Sunday, December 31, 2006

Creating A Notebook for the Sitter

When you have a babysitter coming over, it is important to walk a fine line on instructions. When you have a baby, though, you will be tempted to cross the side of the line that overloads the sitter with too much information. You probably took great pains to find a good sitter for your baby, and you should feel confident in that decision. If you do not, then either you should trust your instinct and not get this sitter, or you should give yourself a very small experience with the sitter. Go out for coffee for an hour before you jump into dinner and a movie.

At any rate, you will need to give your sitter information about the baby and where you will be. The problem with many parents is that they give the sitter too much information, so he or she cannot remember or find everything when needed. You can avoid this dilemma by setting up a babysitter notebook days before the sitter will arrive. This notebook will save you oodles of time later on, so it is worth the hour or so that it will take now to set it up.

You should get a small folder or binder. Then you will need to put information on the first sheet about your baby. Include her full name (for correct spelling purposes), her date of birth, and any allergies she may have. You also may want to put down anything special about the baby, such as that he cannot sleep without the increasingly ragged yellow bear in his crib. Just avoid putting a laundry list of things your baby does or does not like. The sitter will figure most of them out on her own. You also should include bedtime for the baby as well as a rough feeding schedule even if it is only to say that she eats every three hours. Then you can tell the sitter the exact time when he arrives.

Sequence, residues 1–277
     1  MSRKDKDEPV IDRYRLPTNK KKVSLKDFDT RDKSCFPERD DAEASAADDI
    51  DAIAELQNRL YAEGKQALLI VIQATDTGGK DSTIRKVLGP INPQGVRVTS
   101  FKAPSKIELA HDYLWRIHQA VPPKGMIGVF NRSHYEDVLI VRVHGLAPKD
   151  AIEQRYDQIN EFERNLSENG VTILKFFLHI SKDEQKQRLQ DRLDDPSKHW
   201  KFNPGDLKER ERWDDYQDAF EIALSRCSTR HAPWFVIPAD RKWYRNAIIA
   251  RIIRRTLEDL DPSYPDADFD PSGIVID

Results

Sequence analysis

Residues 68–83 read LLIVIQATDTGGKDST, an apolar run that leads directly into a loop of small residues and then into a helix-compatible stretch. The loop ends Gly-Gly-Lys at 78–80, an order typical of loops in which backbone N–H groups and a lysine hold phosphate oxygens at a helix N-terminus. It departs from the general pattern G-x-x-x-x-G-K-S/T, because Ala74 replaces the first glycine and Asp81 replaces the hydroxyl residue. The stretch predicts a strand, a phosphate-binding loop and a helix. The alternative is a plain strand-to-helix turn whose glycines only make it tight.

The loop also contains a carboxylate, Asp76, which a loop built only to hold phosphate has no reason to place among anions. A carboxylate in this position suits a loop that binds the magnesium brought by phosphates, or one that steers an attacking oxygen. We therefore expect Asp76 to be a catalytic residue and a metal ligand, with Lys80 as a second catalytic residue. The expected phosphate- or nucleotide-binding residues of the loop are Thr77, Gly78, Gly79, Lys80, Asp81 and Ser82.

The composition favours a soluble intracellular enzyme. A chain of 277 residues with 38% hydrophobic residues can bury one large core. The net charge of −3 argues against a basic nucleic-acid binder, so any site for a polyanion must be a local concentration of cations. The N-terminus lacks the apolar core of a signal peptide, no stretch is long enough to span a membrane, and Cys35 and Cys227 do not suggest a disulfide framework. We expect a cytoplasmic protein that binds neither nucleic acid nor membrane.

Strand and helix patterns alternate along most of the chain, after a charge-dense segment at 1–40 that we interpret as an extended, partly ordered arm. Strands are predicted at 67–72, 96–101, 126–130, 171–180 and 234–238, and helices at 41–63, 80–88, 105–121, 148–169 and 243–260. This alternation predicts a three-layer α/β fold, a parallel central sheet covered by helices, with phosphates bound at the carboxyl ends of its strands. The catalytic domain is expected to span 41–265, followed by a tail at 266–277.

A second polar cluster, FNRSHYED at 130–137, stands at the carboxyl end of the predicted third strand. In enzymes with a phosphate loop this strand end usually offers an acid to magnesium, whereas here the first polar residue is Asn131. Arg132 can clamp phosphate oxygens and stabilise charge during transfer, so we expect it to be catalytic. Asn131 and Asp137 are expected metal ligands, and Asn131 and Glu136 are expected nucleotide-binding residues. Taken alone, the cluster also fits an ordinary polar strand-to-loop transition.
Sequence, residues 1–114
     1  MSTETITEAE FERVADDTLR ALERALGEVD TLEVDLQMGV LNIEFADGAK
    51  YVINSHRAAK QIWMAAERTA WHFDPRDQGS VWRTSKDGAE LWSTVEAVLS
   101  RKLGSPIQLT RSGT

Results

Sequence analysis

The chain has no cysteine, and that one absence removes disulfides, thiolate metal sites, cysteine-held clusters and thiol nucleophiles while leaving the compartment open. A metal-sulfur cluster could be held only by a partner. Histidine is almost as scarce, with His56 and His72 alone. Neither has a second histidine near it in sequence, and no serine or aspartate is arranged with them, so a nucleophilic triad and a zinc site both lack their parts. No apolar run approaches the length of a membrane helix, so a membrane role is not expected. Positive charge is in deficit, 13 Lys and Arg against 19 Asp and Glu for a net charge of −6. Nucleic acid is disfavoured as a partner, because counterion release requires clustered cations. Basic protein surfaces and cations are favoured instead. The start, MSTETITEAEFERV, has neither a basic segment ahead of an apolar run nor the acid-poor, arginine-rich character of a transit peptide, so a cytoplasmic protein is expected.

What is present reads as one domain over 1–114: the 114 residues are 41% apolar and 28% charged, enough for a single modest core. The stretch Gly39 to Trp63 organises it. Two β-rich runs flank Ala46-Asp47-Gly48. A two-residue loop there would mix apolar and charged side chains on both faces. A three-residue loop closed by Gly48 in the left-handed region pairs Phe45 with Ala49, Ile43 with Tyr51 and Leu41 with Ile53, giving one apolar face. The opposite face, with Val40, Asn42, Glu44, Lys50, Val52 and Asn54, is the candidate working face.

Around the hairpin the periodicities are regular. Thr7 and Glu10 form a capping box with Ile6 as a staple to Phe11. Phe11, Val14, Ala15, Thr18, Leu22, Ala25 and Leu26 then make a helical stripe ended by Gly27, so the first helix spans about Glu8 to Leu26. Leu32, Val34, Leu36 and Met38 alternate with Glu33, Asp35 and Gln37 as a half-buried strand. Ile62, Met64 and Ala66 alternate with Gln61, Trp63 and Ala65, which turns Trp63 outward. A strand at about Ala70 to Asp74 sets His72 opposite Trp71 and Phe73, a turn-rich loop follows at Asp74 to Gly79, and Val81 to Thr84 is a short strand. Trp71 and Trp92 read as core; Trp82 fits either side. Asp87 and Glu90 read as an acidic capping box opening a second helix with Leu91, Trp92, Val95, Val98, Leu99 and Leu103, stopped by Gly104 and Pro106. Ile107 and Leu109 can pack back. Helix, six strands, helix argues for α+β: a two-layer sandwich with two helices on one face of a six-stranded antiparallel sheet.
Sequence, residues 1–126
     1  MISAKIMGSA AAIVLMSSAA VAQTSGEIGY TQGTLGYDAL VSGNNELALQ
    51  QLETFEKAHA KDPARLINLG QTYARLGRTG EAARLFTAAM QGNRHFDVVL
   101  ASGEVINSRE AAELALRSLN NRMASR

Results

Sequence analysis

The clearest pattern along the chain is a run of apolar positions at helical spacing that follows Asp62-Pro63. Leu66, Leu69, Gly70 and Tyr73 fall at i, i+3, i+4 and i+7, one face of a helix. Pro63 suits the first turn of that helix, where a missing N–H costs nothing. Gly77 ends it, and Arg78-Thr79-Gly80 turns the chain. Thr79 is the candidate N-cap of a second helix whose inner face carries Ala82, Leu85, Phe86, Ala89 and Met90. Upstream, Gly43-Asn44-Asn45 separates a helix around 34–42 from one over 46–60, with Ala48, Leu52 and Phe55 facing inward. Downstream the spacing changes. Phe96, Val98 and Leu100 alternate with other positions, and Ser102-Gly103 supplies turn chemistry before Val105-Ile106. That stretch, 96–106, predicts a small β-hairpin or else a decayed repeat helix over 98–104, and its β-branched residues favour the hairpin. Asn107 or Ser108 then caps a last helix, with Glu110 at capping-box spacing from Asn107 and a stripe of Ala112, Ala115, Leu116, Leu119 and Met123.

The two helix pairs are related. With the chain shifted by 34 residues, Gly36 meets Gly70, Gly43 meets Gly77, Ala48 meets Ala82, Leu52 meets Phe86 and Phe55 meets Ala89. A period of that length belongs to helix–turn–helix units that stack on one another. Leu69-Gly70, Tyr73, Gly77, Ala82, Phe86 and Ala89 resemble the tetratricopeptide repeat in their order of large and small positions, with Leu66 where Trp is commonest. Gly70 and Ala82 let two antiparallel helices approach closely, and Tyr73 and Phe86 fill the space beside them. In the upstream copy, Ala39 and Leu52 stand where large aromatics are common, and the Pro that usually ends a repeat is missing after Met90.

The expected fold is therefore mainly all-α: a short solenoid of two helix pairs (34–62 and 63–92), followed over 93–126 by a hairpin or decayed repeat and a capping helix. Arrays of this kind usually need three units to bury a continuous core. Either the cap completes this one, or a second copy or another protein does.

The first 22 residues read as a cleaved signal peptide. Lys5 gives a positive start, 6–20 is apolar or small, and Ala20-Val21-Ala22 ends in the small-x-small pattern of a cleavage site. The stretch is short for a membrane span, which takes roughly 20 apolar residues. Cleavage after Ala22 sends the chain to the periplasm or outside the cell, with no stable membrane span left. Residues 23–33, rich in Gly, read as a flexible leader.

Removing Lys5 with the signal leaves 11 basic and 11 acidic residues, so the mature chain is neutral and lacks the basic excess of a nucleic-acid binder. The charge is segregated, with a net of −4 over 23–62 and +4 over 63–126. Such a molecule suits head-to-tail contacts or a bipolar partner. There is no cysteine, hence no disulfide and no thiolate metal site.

The next sheet should be for medical emergencies. Make a copy of the front and back of your insurance card and write the name and phone number of your pediatrician at the bottom. On the next page, you should include the hospital where you want your baby to go should anything happen. Also write directions to your home from the closest hospitals in case your sitter needs to call 911. Put your full street address at the top of the page so that it is easily accessible.

The next page should have phone numbers for three to five friends and relatives to be reached in any urgent situation. You should include people you know are likely to be home and who have some experience with babies. These people should be able to give your sitter an idea what to do in any type of basic situation, such as a cut that is bleeding badly or vomiting. The sitter may feel more comfortable calling someone else and asking, or you may be unavailable. Let these people know that you have give out their number in case they get a call.

Finally you should create a template that you can complete each time you have a sitter. In actuality, you probably should put this sheet first as it will be the one the sitter will most likely use. You would have your name and cell phone number on the sheet. Then have fill in the blank sentences that tell where you will be going, at roughly what times, and the telephone numbers at the places you will visit. Also include a section for notes, which is where you could put that the baby is teething and the location of the Orajel and other similar information. Just be sure that you put only important notes, or they could get lost among all of the other information.

This five-page notebook is all you need for your sitter. He does not need to know every quirk that your baby has or have access to your entire family history to be able to keep your baby for a few hours. If you are really worried, you can include a signed certificate to permit the sitter to seek medical treatment, but in an emergency, you should be fine.

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